A Permanent Court of International Justice, to which parties shall have direct access, is hereby established, in accordance with Article 14 of the Covenant of the League of Nations. This Court shall be in addition to the Court of Arbitration organised by The Hague Conventions of 1899 and 1907, and to the special tribunals of arbitration to which states are always at liberty to submit their disputes for settlement.
Organisation of the Court
The Permanent Court of International Justice shall be composed of a body of independent judges, elected regardless of their nationality, from amongst persons of high moral character, who possess the qualifications required, in their respective countries, for appointment to the highest judicial offices, or are jurisconsults of recognised competence in international law.
The Court shall consist of 15 members: 11 judges and 4 deputyjudges. The number of judges and deputy-judges may be hereafter increased by the Assembly, upon the proposal of the Council of the League of Nations, to a total of 15 judges and 6 deputy-judges.
1 Official Journal, League of Nations, Spl. Supp., No. 2 (Sept., 1920).
The members of the Court shall be elected by the Assembly and the Council from a list of persons nominated by the national groups in the Court of Arbitration, in accordance with the following provisions:
At least three months before the date of the election, the SecretaryGeneral of the League of Nations shall address a written request to the members of the Court of Arbitration, belonging to the states mentioned in the Annex to the Covenant or to the states which shall have joined the League subsequently, inviting them to undertake, by national groups, the nomination of persons in a position to accept the duties of a member of the Court.
No group may nominate more than two persons; the nominees may be of any nationality.
Before making these nominations, each national group is hereby recommended to consult its highest court of justice, its legal faculties. and schools of law, and its national academies and national sections of international academies devoted to the study of law.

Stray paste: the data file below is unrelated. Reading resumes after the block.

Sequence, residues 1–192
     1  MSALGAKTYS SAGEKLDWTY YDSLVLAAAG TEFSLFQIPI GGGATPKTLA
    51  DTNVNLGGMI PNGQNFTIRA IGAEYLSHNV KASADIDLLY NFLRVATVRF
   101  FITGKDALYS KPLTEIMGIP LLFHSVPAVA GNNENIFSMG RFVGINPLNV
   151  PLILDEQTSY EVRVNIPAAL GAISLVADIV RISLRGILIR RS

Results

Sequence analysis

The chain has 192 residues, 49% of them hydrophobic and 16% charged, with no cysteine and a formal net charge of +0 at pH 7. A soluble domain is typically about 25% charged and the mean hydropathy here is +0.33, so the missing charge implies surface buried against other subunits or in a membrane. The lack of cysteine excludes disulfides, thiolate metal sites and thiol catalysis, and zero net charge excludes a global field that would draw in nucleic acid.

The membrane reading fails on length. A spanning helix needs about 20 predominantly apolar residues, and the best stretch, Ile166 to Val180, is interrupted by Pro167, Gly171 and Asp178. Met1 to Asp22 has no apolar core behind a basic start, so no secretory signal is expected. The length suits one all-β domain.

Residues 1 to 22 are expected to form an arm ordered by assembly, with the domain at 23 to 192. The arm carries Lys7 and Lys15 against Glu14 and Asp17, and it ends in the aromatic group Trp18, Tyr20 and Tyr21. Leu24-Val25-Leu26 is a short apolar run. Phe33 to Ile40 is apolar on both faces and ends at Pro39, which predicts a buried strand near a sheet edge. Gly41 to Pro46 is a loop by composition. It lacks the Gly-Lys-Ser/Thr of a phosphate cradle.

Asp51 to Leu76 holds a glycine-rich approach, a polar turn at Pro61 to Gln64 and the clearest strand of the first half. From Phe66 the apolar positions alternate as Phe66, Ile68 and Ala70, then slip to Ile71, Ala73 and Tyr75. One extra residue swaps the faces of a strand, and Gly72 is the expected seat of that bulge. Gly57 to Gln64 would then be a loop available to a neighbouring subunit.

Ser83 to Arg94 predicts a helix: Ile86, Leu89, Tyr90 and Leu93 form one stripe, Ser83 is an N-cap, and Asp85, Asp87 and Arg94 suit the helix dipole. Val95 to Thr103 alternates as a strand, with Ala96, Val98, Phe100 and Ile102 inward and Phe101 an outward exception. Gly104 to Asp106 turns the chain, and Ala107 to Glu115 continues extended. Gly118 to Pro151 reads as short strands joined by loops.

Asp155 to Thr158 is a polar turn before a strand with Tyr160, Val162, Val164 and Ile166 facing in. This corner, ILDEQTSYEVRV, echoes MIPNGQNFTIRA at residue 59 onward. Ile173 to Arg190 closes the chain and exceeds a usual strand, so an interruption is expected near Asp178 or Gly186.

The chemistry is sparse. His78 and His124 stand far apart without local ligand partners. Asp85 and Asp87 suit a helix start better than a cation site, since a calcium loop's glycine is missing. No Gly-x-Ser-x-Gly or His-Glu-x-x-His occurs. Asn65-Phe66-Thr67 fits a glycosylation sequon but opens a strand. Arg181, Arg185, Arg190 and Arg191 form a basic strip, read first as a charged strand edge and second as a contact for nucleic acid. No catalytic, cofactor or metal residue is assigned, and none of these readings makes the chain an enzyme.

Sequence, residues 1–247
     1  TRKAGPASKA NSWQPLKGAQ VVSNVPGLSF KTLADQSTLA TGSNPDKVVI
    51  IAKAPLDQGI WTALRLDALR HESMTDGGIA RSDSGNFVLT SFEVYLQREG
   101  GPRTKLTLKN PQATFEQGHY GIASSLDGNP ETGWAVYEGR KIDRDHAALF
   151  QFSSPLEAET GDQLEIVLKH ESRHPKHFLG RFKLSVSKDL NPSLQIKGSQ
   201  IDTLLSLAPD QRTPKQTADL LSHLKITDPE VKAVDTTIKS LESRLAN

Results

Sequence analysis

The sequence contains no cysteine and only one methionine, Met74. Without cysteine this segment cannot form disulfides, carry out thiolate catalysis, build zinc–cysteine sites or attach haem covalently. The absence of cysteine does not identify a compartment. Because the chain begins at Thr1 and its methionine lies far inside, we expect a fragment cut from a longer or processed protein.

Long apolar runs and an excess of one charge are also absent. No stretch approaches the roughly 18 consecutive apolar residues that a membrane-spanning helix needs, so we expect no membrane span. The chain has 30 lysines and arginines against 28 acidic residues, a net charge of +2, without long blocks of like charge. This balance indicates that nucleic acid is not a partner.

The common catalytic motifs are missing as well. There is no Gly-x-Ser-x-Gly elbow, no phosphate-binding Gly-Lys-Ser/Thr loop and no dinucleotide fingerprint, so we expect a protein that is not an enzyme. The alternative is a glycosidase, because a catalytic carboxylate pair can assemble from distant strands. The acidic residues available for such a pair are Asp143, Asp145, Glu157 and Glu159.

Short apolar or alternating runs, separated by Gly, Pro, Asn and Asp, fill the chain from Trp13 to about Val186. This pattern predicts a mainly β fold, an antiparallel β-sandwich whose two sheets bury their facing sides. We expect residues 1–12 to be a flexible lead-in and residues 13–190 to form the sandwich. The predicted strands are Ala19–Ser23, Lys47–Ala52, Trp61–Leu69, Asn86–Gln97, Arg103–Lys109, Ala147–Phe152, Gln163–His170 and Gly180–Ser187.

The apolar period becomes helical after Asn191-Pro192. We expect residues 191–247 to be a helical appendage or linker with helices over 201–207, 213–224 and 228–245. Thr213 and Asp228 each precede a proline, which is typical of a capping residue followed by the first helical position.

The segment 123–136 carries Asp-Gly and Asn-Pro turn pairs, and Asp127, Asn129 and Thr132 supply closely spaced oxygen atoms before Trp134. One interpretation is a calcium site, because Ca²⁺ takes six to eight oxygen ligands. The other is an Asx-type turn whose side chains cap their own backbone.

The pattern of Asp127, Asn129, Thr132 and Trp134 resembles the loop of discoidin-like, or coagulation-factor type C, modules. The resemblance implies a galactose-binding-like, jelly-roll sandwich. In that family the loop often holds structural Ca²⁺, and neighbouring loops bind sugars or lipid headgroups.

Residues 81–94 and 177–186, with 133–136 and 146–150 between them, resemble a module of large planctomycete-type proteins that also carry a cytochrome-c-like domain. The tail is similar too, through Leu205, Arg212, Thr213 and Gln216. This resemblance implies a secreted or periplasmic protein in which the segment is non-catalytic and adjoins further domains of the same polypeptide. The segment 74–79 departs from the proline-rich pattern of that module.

The Secretary-General of the League of Nations shall prepare a list, in alphabetical order, of all the persons thus nominated. These persons only shall be eligible for appointment, except as provided in Article 12, paragraph 2.
The Secretary-General shall submit this list to the Assembly and to the Council.
The Assembly and the Council shall proceed to elect by independent voting first the judges and then the deputy-judges.
At every election, the electors shall bear in mind that not only should all the persons appointed as members of the Court possess the qualifications required, but the whole body also should represent the main forms of civilisation and the principal legal systems of the world.
Those candidates who obtain an absolute majority of votes in the Assembly and the Council shall be considered as elected.
In the event of more than one candidate of the same nationality being elected by the votes of both the Assembly and the Council, the eldest of these only shall be considered as elected.
If, after the first sitting held for the purpose of the election, one or more seats remain to be filled, a second and, if necessary, a third sitting shall take place.
If after the third sitting one or more seats still remain unfilled, a joint conference, consisting of six members, three appointed by the Assembly and three by the Council, may be formed, at any time, at the request of either the Assembly or the Council, for the purpose of choosing one name for each seat still vacant, to submit to the Assembly and the Council for their respective acceptance.
If the committee is unanimously agreed upon any person who fulfils the required conditions he may be included in its list, even though he was not included in the list of nominations made by the Court of Arbitration.
If the joint conference is not successful in procuring an election those members of the Court who have already been appointed shall, within a time limit to be arranged by the Council, proceed to fill the vacant seats by selection from amongst those candidates who have obtained votes either in the Assembly or in the Council.
In the event of an equality of votes amongst the judges, the eldest judge shall have a casting vote.